The defensive call is the right one. The Raiders blitz from the left side of the defensive formation and will contain on the right side and middle with linebackers against the run. The idea is that if Broncos quarterback
Peyton Manning does pass that he has to roll to his left and make a pass across his body and on the run, something he does not prefer to do.
The Broncos are in a shotgun three wide receiver set, with all three lined up on the strong left side of the offensive formation. The play call is unusual, but works perfectly against the Raiders defensive formation.
Both slot receivers, Brandon Stokely and
Eric Decker (orange circle), will run pick-like drag routes in front of each other. Stokely’s job is to take the two defenders (purple dots) –
Joselio Hanson and Michael Huff – closest to him out of the play completely, so that Decker can run the drag to the sidelines (orange route).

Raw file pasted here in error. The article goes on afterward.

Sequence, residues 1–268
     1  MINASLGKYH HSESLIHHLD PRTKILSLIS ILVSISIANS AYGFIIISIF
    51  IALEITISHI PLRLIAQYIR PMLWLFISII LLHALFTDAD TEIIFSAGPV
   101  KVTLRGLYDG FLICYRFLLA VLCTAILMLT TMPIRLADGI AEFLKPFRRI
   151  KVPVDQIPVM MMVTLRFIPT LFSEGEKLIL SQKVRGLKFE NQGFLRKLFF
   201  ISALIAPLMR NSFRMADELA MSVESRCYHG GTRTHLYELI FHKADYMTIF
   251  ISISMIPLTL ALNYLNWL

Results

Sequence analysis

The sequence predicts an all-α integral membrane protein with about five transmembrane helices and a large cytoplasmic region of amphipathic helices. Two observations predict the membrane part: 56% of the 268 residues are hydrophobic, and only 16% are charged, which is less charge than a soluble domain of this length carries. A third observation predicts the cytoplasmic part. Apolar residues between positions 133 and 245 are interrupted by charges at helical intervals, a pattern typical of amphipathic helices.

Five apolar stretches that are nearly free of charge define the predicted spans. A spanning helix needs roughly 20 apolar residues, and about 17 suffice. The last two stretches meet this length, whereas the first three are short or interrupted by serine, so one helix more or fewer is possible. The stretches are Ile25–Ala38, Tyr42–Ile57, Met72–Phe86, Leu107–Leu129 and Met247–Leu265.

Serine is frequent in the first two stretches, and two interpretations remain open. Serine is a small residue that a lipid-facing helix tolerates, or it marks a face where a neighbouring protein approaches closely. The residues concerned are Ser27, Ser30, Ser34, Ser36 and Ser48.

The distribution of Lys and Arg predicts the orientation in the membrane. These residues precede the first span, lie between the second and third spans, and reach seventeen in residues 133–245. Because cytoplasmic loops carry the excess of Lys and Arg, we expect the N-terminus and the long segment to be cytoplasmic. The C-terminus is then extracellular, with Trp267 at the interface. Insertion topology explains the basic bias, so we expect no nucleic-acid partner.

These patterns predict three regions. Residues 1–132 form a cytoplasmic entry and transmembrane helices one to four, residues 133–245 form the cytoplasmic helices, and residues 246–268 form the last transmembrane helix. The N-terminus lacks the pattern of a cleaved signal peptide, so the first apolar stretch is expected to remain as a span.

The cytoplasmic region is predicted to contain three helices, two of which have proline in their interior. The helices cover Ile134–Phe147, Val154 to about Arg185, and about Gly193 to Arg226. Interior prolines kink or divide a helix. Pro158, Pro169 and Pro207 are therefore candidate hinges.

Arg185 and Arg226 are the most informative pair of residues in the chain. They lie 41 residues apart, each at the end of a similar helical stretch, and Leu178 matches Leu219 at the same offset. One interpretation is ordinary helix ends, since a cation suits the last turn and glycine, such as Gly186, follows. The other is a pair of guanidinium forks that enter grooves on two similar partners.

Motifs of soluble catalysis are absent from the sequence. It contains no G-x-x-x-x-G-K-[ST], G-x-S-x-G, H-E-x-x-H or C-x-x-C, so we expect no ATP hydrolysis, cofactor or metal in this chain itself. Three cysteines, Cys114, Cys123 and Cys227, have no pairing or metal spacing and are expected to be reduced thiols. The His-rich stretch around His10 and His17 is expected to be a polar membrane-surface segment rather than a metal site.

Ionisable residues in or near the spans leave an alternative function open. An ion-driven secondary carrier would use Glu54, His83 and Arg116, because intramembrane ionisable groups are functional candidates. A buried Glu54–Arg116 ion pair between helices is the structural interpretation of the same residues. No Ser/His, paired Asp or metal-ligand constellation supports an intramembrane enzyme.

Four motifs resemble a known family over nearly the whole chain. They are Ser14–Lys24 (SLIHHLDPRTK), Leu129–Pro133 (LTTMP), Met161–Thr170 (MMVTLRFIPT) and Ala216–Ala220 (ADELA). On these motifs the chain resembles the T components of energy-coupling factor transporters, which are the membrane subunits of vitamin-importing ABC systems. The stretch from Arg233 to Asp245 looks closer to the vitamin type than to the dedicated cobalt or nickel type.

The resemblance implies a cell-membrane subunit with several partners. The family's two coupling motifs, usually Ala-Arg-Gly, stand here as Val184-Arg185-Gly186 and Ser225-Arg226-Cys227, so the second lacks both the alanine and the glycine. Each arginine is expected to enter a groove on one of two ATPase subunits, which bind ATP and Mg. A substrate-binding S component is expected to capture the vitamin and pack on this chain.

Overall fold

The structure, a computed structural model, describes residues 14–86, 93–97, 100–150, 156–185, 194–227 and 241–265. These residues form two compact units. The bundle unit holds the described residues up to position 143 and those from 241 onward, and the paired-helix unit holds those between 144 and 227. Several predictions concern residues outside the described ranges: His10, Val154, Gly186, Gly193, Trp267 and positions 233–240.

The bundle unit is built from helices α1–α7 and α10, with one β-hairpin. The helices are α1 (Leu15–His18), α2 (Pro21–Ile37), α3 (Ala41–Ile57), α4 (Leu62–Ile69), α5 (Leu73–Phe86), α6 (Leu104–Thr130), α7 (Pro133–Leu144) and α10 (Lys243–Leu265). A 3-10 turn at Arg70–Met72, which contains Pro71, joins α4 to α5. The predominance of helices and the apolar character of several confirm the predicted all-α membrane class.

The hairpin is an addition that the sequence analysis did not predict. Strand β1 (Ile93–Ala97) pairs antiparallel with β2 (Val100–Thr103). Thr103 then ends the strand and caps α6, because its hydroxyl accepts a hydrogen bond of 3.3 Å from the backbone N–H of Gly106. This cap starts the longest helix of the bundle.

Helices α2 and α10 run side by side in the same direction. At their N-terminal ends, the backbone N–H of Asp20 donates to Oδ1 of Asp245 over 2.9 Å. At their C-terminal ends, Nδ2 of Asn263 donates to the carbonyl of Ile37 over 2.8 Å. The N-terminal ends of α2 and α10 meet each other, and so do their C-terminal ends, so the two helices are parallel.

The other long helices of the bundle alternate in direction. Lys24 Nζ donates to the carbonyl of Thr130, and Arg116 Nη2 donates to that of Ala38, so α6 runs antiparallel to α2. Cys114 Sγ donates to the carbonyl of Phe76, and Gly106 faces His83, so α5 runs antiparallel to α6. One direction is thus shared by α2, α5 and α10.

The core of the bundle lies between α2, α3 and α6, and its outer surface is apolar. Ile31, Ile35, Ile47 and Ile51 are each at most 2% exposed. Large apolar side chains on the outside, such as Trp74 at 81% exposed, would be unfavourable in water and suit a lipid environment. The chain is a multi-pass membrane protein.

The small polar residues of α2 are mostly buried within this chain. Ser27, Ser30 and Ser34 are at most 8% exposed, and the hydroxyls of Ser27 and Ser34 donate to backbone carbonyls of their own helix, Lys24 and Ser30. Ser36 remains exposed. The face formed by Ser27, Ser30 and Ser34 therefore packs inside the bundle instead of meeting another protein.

Outside receiver, tight end
Julius Thomas, is a diversion meant to take the cornerback (circled in black) away from the sidelines and keep the safety towards the middle of the field. Thomas runs a slant route, but then breaks it off towards the sidelines, keeping the cornerback behind him to allow Decker to sneak by down the sidelines after the catch. The safety becomes a non-factor immediately, because he’s too far center to get over in time.
The end result was an easy short throw left from Manning to Decker for a 17-yard touchdown. It was also one of the best designed plays I’ve seen all season, and was an excellent example of a receiver (Stokely) sacrificing himself for the team.